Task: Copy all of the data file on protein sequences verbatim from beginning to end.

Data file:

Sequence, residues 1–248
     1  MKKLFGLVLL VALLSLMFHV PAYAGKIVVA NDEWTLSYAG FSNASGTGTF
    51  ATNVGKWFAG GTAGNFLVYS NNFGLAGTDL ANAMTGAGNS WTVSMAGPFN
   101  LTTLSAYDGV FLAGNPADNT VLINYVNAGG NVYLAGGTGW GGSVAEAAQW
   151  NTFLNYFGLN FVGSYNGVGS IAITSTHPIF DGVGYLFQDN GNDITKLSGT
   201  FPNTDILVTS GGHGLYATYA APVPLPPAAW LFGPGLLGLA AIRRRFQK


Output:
Sequence, residues 1–248
     1  MKKLFGLVLL VALLSLMFHV PAYAGKIVVA NDEWTLSYAG FSNASGTGTF
    51  ATNVGKWFAG GTAGNFLVYS NNFGLAGTDL ANAMTGAGNS WTVSMAGPFN
   101  LTTLSAYDGV FLAGNPADNT VLINYVNAGG NVYLAGGTGW GGSVAEAAQW
   151  NTFLNYFGLN FVGSYNGVGS IAITSTHPIF DGVGYLFQDN GNDITKLSGT
   201  FPNTDILVTS GGHGLYATYA APVPLPPAAW LFGPGLLGLA AIRRRFQK